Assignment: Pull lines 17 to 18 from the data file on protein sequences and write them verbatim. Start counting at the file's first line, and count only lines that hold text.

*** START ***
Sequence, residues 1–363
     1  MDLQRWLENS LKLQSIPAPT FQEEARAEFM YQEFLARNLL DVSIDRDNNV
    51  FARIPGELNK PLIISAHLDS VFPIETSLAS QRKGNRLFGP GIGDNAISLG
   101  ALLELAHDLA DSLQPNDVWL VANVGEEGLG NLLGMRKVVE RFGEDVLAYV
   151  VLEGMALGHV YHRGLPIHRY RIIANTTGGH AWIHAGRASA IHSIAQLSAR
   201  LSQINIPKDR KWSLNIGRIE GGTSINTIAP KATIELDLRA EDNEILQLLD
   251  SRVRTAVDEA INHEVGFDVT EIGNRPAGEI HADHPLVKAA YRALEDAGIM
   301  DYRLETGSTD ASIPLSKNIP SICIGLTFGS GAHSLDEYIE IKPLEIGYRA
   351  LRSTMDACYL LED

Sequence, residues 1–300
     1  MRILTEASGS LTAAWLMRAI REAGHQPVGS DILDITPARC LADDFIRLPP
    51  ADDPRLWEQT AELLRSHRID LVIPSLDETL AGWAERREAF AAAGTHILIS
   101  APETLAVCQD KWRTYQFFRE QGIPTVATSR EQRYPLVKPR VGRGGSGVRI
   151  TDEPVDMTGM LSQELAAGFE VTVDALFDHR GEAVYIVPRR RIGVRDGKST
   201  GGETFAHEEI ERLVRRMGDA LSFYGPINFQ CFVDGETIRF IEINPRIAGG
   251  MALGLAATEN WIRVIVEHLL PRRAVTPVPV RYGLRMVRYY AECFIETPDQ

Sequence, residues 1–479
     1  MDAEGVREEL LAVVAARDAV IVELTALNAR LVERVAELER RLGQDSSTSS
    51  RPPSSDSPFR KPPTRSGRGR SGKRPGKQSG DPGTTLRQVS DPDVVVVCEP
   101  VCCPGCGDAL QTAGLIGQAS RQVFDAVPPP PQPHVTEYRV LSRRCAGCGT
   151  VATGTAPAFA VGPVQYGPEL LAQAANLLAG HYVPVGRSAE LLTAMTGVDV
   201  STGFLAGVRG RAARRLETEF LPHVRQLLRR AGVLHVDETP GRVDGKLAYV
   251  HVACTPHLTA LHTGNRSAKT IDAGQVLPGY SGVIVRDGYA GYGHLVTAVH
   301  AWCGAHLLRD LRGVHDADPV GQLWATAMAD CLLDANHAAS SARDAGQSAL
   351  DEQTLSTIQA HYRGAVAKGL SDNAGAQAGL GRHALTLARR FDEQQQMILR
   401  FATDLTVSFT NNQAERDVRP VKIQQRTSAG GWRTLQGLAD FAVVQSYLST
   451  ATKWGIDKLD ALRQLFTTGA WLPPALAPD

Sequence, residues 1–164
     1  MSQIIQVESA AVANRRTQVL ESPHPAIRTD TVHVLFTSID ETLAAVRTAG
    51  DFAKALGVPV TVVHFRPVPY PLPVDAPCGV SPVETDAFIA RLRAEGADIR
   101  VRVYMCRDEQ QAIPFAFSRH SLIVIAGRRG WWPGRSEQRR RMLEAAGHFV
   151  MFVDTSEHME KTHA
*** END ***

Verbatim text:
Sequence, residues 1–479
     1  MDAEGVREEL LAVVAARDAV IVELTALNAR LVERVAELER RLGQDSSTSS